Will you be flying social with Alaska Air?

Will you be flying social with Alaska Air?

You use airplanes to visit friends in faraway places. You use Facebook to share information online with friends in faraway places. Now Alaska Airlines has come up with a nice blending of those two activities, and it cements the Seattle-based company’s reputation as one of the more progressive airlines when it comes to its use of social media marketing.

FlyingSocial is a Facebook app that lets its users share Alaska’s fare deals and discounts with their FB friends. Once you sign up for the app, the software takes a few seconds to hunt down all your friends on Facebook, and then pulls up a map with their profile pics, locations and any special deals involving that destination. For example, clicking on the pic of a high school classmate of mine living in Houston shows a $99 one-way fare, as well as pics of other friends and how many miles they are from the airport. I can immediately share the deal with those friends, post it to my Facebook page and also check out any discounts offered by hotels and rental car companies.

FlyingSocial could help Alaska Airlines navigate the recession-induced turbulence in the airline business; its latest and greatest fares get that much more exposure thanks to the world’s largest social network, and frequent Alaska flyers are given incentives to stick with the airline and make it a habit to check FlyingSocial every day for new deals. It also puts Facebook squarely in their booking process; a “Shop Now” button in the FlyingSocial window that comes up when you click on a friend’s picture takes you directly to Alaska Airline’s reservation page.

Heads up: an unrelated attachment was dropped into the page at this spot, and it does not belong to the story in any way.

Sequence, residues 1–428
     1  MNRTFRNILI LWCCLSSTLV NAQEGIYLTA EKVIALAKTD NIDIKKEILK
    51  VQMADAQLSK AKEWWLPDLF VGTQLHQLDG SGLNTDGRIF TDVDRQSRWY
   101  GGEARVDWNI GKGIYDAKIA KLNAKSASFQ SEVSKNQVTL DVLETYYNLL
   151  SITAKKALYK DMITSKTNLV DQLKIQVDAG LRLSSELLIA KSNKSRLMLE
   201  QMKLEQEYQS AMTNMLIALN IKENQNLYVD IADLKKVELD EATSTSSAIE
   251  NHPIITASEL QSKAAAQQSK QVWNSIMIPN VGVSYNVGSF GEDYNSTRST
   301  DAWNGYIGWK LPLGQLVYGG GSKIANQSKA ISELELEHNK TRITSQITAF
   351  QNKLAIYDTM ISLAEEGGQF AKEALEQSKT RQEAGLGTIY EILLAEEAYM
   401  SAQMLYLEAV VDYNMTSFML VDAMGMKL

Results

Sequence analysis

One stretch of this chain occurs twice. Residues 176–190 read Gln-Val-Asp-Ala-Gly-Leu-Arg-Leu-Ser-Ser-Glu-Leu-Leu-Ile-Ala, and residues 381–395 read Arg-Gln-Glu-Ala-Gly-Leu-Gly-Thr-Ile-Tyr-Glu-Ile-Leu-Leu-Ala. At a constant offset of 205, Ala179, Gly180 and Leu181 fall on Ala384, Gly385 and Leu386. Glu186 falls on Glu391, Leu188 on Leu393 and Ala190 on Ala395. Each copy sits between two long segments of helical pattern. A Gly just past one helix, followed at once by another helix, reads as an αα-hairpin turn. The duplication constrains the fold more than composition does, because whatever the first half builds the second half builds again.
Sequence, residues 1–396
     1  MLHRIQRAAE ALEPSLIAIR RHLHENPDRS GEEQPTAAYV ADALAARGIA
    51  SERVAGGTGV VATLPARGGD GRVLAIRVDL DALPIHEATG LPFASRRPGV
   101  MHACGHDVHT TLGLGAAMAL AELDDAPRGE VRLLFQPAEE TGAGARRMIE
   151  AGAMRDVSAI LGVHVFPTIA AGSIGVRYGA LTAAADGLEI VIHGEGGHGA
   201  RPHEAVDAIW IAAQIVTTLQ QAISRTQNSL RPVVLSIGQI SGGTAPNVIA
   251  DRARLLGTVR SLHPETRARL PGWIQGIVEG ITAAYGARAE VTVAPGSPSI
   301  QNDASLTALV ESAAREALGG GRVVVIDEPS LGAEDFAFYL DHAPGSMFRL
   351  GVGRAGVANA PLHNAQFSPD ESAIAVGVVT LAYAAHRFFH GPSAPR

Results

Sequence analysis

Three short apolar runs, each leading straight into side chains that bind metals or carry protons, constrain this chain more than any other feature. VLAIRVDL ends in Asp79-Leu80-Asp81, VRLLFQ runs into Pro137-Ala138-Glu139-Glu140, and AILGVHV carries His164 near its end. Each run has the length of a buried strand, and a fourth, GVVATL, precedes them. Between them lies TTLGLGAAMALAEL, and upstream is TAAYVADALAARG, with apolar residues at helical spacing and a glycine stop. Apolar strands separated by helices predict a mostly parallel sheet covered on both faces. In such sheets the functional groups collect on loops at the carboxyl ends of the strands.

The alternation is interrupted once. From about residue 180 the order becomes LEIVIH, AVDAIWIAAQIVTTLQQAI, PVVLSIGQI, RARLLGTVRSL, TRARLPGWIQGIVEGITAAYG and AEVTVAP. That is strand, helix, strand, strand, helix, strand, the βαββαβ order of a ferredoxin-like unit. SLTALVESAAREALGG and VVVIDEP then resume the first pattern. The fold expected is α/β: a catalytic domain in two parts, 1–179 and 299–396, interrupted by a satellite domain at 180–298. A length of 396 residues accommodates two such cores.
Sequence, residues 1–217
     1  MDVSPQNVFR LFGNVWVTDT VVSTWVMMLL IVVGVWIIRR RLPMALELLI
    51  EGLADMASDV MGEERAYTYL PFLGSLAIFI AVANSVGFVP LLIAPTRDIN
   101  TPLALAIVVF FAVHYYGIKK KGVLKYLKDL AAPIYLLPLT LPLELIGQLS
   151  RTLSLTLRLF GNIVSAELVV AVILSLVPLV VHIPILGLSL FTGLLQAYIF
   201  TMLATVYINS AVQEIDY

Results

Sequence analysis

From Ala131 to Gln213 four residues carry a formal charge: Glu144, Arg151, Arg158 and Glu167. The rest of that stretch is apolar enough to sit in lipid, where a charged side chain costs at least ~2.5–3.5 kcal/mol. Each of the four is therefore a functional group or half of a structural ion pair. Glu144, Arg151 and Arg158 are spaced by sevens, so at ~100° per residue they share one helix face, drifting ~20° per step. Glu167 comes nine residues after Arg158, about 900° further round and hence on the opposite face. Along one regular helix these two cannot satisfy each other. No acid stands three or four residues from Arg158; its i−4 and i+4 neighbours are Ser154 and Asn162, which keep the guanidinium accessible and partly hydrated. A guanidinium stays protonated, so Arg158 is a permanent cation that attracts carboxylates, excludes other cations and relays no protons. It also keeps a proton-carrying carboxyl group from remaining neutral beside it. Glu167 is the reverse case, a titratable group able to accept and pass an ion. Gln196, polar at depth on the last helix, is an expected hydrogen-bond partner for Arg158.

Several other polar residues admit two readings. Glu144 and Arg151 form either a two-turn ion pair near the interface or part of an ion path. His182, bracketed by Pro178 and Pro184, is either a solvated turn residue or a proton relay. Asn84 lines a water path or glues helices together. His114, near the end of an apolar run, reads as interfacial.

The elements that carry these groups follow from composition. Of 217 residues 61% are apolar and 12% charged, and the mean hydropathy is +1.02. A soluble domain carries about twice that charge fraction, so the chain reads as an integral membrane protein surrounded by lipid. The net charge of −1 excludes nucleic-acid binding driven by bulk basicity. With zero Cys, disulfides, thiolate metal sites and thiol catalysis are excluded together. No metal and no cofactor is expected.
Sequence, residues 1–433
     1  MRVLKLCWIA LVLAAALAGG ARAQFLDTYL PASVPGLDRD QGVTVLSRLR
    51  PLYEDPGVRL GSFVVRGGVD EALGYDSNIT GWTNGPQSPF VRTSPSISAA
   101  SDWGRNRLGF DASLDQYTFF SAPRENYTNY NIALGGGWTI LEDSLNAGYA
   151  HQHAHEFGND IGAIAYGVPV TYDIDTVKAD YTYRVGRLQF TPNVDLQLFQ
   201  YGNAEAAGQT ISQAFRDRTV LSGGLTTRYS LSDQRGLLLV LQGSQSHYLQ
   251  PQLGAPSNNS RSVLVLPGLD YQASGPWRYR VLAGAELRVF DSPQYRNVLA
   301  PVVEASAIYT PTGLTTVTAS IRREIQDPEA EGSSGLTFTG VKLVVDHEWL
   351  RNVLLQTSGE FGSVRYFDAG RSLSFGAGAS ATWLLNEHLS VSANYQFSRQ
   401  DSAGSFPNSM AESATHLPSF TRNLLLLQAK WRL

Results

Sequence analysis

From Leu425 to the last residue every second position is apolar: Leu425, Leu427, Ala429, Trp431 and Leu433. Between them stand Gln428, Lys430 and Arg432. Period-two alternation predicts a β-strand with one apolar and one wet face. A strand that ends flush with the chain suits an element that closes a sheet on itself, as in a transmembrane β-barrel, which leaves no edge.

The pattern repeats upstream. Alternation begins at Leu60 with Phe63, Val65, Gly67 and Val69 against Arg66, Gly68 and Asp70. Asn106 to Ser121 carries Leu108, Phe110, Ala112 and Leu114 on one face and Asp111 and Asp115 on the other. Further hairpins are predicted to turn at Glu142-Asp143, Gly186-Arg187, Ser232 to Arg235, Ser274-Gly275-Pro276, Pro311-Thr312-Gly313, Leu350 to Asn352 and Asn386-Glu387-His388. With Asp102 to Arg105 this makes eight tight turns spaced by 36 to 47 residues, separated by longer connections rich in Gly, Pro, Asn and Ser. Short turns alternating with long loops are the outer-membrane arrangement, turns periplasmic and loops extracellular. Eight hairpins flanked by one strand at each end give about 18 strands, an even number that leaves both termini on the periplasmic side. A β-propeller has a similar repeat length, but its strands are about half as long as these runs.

I’ve written here before how Alaska Airlines’s social media team used their Twitter and Facebook feeds to deal with a March computer outage that could have been a public relations nightmare. Instead, regular updates posted promptly on the company’s social media platform, sensitive use of Twitter to deal with individual complaints, and a quickly-produced “apology” video starring company executives helped dampen customer outrage and mitigate the damage. All that was Alaska Airlines being reactive in the right way. FlyingSocial is the company going proactive with social media in a way that could add smiles to all those frequent flyer miles.

That’s just one example of a social media success story. Here’s some more social media marketing guidance courtesy of the week’s news feeds:

Don’t Forget To Answer Your “Social Telephone”

Social media consultant and author Jay Baer, along with Amber Naslund, coined the term “the social telephone” in their book The Now Revolution as a way for companies to think about their social media platforms. In this post on his Convert and Convert blog, Baer talks strategies regarding a new study about businesses that ignore Twitter complaints to their peril.

When Engaged (And Enraged) Customers Force Companies Back To Square One

Trackur CEO Andy Beal writes  about the recent customer blowback directed at The Gap, OnStar and Netflix via their social media channels when those companies tried to change branding and business models.

Walmart Nation Joins Facebook World

The world’s biggest retailer is using the world’s biggest social network in, well, a big way; it created 3,500 Facebook pages for its local stores to announce promotions and deals to customers. Juan Martinez has the details in Direct Marketing News.

That’s all the news that’s fit to share this week, but feel free to send us comments and news tips in the space below.¬† Enjoy what we hope is a perfect fall weekend for you and yours, and we’ll see you back here on Monday!

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